**The Government have now postponed the Data Upload from the 1st of March to the beginning of Autumn 2014**
From the 1st of March 2014 (now the beginning of Autumn 2014)
we will, by law, be uploading personal data from your Medical
Record to the Government's HSCIC Care.Data, Data Centre.
This includes information such as:
Your Medical History, All Referral Information, NHS Number, Post
Code, Date of Birth and More.
Please read the information below to learn about your rights in this
Important Information About Your Medical Record
Who are HSCIC and what do they do?
The Health & Social Care Information Centre was set up as an executive public body in April 2013. Under the Social Care Act 2012 they have a responsibility for:
Collecting, analysing and presenting national health and social care data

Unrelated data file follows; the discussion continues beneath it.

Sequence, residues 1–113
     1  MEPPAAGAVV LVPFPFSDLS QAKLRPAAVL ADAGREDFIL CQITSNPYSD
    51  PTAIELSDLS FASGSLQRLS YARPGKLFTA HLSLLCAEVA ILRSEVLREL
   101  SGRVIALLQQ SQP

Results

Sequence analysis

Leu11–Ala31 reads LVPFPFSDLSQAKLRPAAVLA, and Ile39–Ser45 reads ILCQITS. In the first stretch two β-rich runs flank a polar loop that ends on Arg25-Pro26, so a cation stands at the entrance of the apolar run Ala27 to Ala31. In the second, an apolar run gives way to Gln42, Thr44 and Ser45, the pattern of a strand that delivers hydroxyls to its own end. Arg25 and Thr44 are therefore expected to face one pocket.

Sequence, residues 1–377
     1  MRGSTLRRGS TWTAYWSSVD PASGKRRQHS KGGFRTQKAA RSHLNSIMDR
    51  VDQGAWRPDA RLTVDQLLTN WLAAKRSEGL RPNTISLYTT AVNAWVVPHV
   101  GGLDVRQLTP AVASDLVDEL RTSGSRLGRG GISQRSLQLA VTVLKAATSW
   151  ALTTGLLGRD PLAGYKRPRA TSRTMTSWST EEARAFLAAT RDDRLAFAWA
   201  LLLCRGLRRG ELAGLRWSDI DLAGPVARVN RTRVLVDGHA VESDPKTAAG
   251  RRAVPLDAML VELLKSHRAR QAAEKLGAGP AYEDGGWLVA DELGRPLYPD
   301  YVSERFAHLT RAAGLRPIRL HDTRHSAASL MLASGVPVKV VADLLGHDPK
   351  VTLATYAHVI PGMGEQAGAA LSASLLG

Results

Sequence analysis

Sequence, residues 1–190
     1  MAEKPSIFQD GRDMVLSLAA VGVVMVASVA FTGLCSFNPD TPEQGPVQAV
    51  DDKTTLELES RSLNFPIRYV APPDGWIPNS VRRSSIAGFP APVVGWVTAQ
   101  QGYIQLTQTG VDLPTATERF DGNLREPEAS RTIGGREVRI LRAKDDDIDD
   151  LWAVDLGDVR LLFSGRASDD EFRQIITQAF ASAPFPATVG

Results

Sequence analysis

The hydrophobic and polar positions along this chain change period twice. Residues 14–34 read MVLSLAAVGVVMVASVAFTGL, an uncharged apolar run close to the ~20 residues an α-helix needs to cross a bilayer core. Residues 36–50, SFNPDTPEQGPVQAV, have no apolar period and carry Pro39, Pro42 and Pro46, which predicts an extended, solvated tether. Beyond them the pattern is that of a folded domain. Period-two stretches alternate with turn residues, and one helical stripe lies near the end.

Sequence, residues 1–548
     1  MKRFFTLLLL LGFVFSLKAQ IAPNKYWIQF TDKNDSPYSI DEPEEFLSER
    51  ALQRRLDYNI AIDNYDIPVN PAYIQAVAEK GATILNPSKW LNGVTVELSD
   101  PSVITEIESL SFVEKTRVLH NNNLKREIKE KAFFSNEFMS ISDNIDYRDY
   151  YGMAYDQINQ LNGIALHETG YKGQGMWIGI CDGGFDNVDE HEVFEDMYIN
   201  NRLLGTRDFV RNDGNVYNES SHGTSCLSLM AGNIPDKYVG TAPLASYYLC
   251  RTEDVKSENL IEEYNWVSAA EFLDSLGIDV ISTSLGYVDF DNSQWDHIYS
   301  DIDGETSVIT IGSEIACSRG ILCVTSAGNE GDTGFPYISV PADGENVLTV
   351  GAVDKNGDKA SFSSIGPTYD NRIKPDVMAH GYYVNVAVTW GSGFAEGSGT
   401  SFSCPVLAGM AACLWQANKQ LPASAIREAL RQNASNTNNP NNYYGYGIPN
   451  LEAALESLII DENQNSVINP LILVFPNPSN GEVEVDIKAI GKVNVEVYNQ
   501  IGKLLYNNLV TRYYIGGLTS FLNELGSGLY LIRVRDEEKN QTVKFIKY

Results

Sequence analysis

Setting up and managing national IT systems for transferring collecting and analysing information.
Publishing a Code of Practice to set out how the personal, confidential information of patients should be handled and managed by health care staff and organisations
Building up a Library of indicators that can be used to measure the quality of health and care services provided to the public
Acting to reduce how much paperwork doctors, nurses and care workers have to complete by ensuring that only essential data is collected and that we avoid collecting the same data twice.
Helping healthcare and care organisations improve the quality of the data they collect
Creating a register of all the information collected and produced so that it will be useful to as many people as possible while safeguarding the personal confidential data of individuals.